Last Chance U Season 2

“Last Chance U”

Steve Dietl / Courtesy of Sony P

As the Lions plow through mismatched opponents, it allows the rhythms of “Last Chance U” to not be subject to the score on the field. The team’s common pursuit is a championship, but as the rest of the show’s runtime demonstrates, the individual struggles that make up that title run don’t always get reflected in the final score. The defensive lineman with the stellar sack might be the same player tussling with the coaching staff or falling behind on class attendance.

The kind of spotlight that a documentary places on an individual isn’t the same level of scrutiny that star college athletes face under national and local media. But with that added wrinkle of second-season self-awareness, “Last Chance U” becomes a more defined case-study in crafting a legacy. That Whiteley still manages to include so many candid, unguarded moments — especially from individuals who were a part of Season 1 as well — is an impressive feat.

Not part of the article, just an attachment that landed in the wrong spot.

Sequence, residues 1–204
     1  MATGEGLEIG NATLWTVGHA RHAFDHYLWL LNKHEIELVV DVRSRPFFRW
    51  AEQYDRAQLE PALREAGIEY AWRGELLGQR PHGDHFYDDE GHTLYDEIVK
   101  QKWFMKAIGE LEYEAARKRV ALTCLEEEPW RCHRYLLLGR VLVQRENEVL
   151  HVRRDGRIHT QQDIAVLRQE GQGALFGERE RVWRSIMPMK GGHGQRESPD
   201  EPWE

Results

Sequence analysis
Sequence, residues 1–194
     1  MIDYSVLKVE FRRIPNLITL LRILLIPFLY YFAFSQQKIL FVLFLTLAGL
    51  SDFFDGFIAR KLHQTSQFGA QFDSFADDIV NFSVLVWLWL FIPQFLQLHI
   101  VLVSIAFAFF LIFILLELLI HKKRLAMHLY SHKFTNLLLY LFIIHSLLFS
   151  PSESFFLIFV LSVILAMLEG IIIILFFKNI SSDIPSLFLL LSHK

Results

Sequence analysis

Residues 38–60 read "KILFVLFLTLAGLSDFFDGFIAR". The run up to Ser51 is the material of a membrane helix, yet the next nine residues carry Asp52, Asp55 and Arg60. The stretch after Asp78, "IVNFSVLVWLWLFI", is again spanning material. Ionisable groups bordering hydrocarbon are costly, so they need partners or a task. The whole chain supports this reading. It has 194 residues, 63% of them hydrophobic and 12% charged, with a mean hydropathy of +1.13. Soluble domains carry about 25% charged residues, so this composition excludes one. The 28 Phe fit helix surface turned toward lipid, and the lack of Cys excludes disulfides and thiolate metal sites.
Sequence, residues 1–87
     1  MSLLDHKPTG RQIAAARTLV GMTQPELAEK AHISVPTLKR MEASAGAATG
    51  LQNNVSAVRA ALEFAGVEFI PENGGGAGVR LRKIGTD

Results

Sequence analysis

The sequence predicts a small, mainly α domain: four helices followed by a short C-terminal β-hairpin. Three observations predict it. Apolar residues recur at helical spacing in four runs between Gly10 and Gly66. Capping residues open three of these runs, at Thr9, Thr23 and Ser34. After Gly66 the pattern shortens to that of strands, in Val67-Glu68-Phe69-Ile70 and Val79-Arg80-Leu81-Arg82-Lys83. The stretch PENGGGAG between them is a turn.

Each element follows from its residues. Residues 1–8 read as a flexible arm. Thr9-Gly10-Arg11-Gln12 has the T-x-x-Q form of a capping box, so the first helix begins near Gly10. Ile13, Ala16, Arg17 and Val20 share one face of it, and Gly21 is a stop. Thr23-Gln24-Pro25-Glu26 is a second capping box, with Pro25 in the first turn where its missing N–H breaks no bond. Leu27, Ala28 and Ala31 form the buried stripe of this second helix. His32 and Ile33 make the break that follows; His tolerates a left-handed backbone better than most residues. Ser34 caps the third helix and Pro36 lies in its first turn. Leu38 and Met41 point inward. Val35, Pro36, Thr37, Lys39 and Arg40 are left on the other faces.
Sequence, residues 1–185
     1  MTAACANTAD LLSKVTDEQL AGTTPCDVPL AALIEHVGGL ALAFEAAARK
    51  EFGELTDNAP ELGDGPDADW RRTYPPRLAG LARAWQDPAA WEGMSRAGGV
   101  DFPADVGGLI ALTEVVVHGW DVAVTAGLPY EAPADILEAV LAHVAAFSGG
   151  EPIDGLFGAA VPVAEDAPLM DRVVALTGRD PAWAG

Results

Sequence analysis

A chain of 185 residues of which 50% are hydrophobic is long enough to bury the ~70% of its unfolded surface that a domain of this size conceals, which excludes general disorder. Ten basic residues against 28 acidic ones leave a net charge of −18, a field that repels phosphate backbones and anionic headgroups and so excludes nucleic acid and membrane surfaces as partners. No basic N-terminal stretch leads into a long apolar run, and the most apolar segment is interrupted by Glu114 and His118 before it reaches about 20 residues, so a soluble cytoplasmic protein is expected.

One of the people that “Last Chance U” hones in on is EMCC academic counselor Brittany Wagner. (As one radio interview demonstrates early on, she was a breakout star for some fans.) Over the course of Season 2, the comparison that the show draws between her motivating style and Stephens’ helps ensure that football doesn’t drown out all other aspects of these students’ lives. Wagner’s quiet moments of self-reflection, short glimpses into her home life and dogged pursuit of the young individuals under her charge are the best examples of how the show is able to build an understanding of these people’s lives, even as their attention is being demanded by the all-consuming force of athletics.